Executive Director Lee Buttala recently traveled to the Svalbard Global Seed Vault to deliver our annual deposit of rare varieties and to participate in commemorating the Seed Vault’s 10th anniversary. Lee says the importance of working together became even more clear to him on this trip, as did the unique role that Seed Savers Exchange plays in the international consortium of depositors into this otherworldly storage facility north of the Arctic Circle.
Photos: Courtesy of NordGen
While the depository has been referred to by the media as the “Doomsday Vault,” Lee said his time there— sitting side by side with representatives from Brazil and Italy, Morocco and Australia—showed him what a misnomer this term was. No one was planning for the apocalypse; they were doing what sensible people have done throughout time—saving seeds and caring for them in the best manner possible. The vault is not there for the end of the world, but rather as a backup for the hard work that these seed bank managers, farmers, and scientists from around the globe have been doing for years.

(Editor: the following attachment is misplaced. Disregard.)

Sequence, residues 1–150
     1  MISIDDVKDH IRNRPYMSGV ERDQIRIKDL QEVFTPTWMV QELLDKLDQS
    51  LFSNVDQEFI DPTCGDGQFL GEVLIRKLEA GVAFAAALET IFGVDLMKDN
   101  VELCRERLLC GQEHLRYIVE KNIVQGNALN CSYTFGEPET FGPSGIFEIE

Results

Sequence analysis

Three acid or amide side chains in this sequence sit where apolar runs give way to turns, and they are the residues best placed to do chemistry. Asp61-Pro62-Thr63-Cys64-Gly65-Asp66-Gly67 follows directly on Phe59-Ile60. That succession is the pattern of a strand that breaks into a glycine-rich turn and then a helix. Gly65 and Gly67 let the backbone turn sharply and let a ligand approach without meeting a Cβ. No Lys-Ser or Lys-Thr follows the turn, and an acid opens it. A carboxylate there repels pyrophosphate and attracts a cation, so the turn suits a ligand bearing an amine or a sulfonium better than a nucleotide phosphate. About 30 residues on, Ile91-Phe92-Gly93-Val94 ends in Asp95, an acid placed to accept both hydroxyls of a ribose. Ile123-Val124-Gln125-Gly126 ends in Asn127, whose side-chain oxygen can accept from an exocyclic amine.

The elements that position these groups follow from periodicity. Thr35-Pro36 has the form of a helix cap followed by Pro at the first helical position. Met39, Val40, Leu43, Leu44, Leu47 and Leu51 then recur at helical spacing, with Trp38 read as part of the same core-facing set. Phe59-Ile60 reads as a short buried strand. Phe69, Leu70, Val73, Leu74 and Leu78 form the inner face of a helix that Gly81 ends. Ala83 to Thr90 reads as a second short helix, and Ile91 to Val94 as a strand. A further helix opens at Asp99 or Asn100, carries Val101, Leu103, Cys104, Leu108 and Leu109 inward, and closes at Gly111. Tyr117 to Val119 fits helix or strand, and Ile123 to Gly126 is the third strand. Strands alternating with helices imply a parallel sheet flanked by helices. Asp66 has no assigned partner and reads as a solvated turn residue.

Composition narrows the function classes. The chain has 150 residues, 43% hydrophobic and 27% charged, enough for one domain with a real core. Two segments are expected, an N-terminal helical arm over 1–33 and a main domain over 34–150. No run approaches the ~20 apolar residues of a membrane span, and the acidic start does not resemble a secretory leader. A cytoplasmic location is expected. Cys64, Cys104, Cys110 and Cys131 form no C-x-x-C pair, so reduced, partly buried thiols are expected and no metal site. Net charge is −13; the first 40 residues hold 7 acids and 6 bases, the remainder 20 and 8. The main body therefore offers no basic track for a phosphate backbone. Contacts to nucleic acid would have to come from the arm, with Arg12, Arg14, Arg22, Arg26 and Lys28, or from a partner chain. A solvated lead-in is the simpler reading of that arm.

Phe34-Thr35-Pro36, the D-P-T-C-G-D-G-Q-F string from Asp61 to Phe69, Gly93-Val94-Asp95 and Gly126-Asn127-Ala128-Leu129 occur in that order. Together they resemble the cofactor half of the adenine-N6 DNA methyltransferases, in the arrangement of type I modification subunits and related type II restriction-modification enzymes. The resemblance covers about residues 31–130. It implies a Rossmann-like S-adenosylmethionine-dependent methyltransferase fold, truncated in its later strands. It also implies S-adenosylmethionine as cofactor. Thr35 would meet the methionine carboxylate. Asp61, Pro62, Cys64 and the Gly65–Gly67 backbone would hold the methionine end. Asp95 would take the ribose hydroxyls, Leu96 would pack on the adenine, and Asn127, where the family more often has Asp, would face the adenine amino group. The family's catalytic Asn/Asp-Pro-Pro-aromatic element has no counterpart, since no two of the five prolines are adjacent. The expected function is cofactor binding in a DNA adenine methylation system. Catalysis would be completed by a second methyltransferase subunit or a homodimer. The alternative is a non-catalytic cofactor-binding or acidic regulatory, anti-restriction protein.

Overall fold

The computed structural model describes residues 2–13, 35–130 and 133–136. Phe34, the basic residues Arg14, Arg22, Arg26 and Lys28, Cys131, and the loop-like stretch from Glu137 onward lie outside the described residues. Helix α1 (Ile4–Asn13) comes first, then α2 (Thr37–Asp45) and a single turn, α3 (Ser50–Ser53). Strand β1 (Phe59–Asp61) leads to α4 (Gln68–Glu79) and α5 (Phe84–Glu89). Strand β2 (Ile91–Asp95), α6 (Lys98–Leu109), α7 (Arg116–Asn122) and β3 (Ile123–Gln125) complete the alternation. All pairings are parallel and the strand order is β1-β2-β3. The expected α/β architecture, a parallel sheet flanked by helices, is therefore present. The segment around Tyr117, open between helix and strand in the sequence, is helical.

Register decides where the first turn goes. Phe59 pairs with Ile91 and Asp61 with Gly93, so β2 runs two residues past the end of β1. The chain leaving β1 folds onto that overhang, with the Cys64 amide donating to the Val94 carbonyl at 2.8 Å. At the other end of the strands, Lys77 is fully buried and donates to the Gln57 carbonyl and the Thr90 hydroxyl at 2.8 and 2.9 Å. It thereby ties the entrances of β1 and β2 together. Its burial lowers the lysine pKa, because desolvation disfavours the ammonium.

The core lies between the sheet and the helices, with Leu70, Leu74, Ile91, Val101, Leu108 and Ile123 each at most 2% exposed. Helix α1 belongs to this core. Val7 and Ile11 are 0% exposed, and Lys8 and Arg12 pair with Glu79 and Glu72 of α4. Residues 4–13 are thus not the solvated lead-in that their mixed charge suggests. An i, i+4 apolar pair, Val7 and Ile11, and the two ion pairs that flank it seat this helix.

The long-term stewardship of the varieties that we all cherish is at the center of Seed Savers Exchange’s mission.
Sharing seeds with gardeners and farmers is one of the ways SSE of keeps these adaptable seeds in the world. Storing them in our seed bank and growing them out to regenerate them at our Heritage Farm headquarters in Iowa is another. The deposits made at Svalbard, however, provide an added layer of insurance that these varieties are there for the future
All three of these facets have moved our work forward, work made possible thanks to charitable donations from people like you who care about heirloom seeds